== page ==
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Tech startup: Orbotix



INITIAL LIGHT BULB Ian Bernstein has been building robots since he was 12. Adam Wilson wasn't much older when he first developed commercial-grade software. Now in their late twenties, Bernstein and Wilson have teamed to found Orbotix, which they officially launched after completing the Boulder TechStars startup acceleration program last year. CEO Paul Berberian served as an adviser to the company during TechStars before joining the company as CEO later last year. Berberian previously founded Web-conferencing provider Raindance Communications and several other technology startups in the U.S. 36 corridor.

IN A NUTSHELL Orbotix's first product, Sphero, is a robotic ball that users control with their iPhone, iPad or Android device. The initial target is gamers, but there are also yet-to-be-named practical applications, Berberian says.
"It's an iconic robot that has a lot of magical properties," he says. "A ball can go in any direction and never gets stuck."
About the size of a baseball, Sphero has more than 145 functions, from rolling (top speed is about a meter per second) to glowing any color (thanks to built-in LEDs). "The only limitation is real-world physics."
Comparing Sphero's means of movement to a Segway sealed inside a ball, Berberian is bullish on the company's short- and long-term prospects. "We look at this as being the next big portable game system, like a Sony Portable PlayStation. Whatever app you're running changes the behavior of the ball." Berberian highlights an Etch A Sketch-like drawing program ("Draw and Drive") and racing, golf and Pong-like games as examples of Sphero apps to come.
Made by a Hong Kong-based manufacturing partner, Sphero debuts this month for $129.99, which includes a few basic apps and a charger. Hundreds of developers are signed up to produce additional forthcoming apps for Sphero's open platform, earning Orbotix licensing fees as a result.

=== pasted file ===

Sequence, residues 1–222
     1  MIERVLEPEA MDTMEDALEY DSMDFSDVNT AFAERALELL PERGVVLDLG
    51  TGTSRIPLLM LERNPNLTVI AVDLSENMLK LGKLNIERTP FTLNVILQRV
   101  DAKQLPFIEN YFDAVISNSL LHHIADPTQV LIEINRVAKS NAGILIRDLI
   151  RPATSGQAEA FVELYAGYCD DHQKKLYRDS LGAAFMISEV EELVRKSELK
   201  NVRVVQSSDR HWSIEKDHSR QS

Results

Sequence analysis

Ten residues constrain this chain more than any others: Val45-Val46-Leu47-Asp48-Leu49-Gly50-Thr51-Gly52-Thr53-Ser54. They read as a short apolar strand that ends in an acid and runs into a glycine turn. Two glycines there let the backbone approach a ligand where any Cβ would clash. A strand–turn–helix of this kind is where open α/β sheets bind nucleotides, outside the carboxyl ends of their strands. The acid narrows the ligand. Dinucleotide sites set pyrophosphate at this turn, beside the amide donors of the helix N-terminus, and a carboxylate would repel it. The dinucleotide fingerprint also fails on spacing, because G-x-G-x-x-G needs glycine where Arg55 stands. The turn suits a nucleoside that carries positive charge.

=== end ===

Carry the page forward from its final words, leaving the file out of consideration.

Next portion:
One such Developer, Denver-based Riptide Games, developed a sumo-wrestling game for a Sphero demo at the 2011 Consumer Electronics Show and has a second app, Sphero Blox, slated for imminent debut that allows users to program the robot with "blocks" of commands. Riptide President Brian Robbins calls Sphero "a new way to envision game play" and "fricking cool," adding, "I think people are going to be blown away."

THE MARKET The worldwide market for video games was about $60 billion in 2011, with mobile gaming representing about 20 percent of the market. For comparison's sake, worldwide movie ticket sales were about $30 billion in 2011.

FINANCING Orbotix has closed on two rounds of financing to date totaling $6 million. Investors include Boulder's Foundry Group and Highway 12 Ventures in Boise, Idaho.

QUOTE OF THE NOTE: "If you take Sphero and start driving it around a hotel lobby, people think it's a normal ball. They want to grab it and give it back to some kid. When they realize you are controlling it, they can't believe it." - Orbotix CEO Paul Berberian

where Boulder | FOUNDED 2010 | web www.gosphero.com
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Eric Peterson

Denver-based writer Eric Peterson is the author of Frommer's Colorado, Frommer's Montana & Wyoming, Frommer's Yellowstone & Grand Teton National Parks and the Ramble series of guidebooks, featuring first-person travelogues covering everything from atomic landmarks in New Mexico to celebrity gone wrong in Hollywood. Peterson has also recently written about backpacking in Yosemite, cross-country skiing in Yellowstone and downhill skiing in Colorado for such publications as Denver's Westword and The New York Daily News. He can be reached at Eptcb126@msn.com

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